This morning, Ontario Superior Court Justice Robert Maranger signed a committal order for Hassan Diab’s extradition to France, based primarily on handwriting evidence that Mr. Justice Maranger himself described as “problematic” and “confusing”. As is usual in extradition proceedings, France’s request must be first reviewed by a judge and found reasonable before the Minister of Justice can authorize the extradition. During the extradition hearing, France’s position is put forward by the Canadian Department of Justice.
Mr. Diab, as readers of these pages may recall, is a former lecturer at Carleton University and the University of Ottawa whose extradition is being sought by the French, in connection with a bombing in Paris that took place over 30 years ago.
The primary evidence submitted in support of Mr. Diab’s extradition had consisted of the handwriting analysis and “intelligence” information from unidentified sources. (As outlined in our earlier post, the use of unsourced intelligence in judicial proceedings is extraordinarily problematic, given the very real possibility that the intelligence is information derived from torture.)
The handwriting evidence was vigorously challenged by Mr. Diab throughout the extradition proceedings. The first two handwriting experts offered by France to support its extradition request were so thoroughly discredited by the defence experts that France actually withdrew their evidence. And even though Justice Maranger eventually admitted the use of evidence tendered by France’s third “expert” on the subject, he acknowledged that the evidence was “problematic.”
In March, after the handwriting evidence was ruled admissible, the Department of Justice decided to withdraw the unsourced intelligence — likely to save itself the trouble of arguing for the admissibility of evidence whose provenance and reliability even the DOJ lawyers have no way of knowing. However, all this meant is that the unsourced intelligence wasn’t used to support Mr. Diab’s extradition. There was — and still is — no guarantee that Mr. Diab will not be tried and possibly convicted in France based on evidence from torture. To the best of our understanding, Canada has not sought assurances from France to prevent that from happening, not withstanding France’s documented willingness to use evidence derived from torture.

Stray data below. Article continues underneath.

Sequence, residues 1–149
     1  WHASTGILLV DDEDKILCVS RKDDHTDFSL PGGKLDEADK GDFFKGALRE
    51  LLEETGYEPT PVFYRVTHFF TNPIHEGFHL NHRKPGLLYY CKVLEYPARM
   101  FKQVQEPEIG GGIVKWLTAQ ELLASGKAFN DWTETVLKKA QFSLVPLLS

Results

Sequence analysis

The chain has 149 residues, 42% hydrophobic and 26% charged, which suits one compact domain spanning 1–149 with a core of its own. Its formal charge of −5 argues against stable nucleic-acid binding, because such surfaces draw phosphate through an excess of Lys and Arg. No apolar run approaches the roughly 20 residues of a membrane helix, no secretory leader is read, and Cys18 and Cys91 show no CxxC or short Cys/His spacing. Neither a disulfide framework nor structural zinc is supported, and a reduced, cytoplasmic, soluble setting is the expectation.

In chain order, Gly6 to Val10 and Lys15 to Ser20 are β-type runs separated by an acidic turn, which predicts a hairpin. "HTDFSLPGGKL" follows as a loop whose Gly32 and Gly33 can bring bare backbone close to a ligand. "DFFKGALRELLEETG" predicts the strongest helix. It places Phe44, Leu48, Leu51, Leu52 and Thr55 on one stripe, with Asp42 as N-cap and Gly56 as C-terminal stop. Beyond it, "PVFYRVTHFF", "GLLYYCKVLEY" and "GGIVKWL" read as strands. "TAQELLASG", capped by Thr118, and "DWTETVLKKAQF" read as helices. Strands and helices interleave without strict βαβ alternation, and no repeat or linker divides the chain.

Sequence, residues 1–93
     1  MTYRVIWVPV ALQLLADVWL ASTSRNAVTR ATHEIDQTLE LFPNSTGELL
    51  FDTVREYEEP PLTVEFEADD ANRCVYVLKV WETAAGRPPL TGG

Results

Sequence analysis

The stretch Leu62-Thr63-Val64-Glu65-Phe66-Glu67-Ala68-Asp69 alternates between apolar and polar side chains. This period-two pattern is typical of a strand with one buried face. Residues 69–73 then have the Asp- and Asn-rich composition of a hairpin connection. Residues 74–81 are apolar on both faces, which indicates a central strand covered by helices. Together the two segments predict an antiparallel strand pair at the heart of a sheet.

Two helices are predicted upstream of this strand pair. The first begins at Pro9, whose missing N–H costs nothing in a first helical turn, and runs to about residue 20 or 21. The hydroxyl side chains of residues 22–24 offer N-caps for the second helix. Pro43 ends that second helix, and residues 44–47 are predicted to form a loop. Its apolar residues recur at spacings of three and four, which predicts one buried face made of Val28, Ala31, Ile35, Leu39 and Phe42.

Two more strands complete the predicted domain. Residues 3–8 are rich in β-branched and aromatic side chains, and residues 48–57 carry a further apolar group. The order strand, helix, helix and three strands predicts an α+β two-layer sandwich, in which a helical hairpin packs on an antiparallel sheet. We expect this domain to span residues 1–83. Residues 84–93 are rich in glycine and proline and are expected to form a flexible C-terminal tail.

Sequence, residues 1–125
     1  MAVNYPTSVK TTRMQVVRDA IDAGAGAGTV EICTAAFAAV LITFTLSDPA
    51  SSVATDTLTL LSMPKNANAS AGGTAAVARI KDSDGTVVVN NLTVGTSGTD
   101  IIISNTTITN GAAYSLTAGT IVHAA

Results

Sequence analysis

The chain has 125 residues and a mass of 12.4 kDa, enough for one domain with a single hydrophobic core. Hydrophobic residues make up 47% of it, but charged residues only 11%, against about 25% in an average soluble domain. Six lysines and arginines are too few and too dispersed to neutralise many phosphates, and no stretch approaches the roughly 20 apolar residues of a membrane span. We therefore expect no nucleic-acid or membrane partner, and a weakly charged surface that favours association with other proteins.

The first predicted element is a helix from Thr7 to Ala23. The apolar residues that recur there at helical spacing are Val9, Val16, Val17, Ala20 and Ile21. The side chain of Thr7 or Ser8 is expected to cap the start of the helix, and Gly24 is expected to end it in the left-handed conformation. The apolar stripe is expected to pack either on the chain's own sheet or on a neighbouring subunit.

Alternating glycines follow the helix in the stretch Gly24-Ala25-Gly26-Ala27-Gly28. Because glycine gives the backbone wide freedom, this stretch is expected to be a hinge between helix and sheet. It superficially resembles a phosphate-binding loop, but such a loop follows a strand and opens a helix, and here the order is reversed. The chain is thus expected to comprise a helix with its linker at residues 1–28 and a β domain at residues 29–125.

Why should France’s willingness to use torture evidence cause us concern, if such evidence isn’t being offered in a Canadian court?
First, Mr. Diab is a Canadian citizen, and it is troubling that Canada would permit one of its citizens to be extradited and prosecuted in a foreign jurisdiction that does not observe the same human rights safeguards that Canadian courts respect.
Second, the prohibition against the use of torture is universal and absolute. It is a principle enshrined in numerous international treaties and domestic laws, including Canada’s Criminal Code. It is a principle that enjoys the same universal status as the prohibitions against genocide and slavery. But in order to give the absolute prohibition against torture meaning and effect, all activity related to the practice of torture must be likewise prohibited.
Permitting the use of evidence derived from torture is precisely the sort of legitimization of torture that cannot be allowed if we are to respect the anti-torture prohibition. So it is not enough the ensure that Canada doesn’t engage in the act of torture. We must also make sure that Canada doesn’t engage in conduct that would legitimize torture in any way.
Press reports indicate that Mr. Diab’s lawyers are seeking to appeal today’s decision. We’ll be following this case as it develops and keep you updated.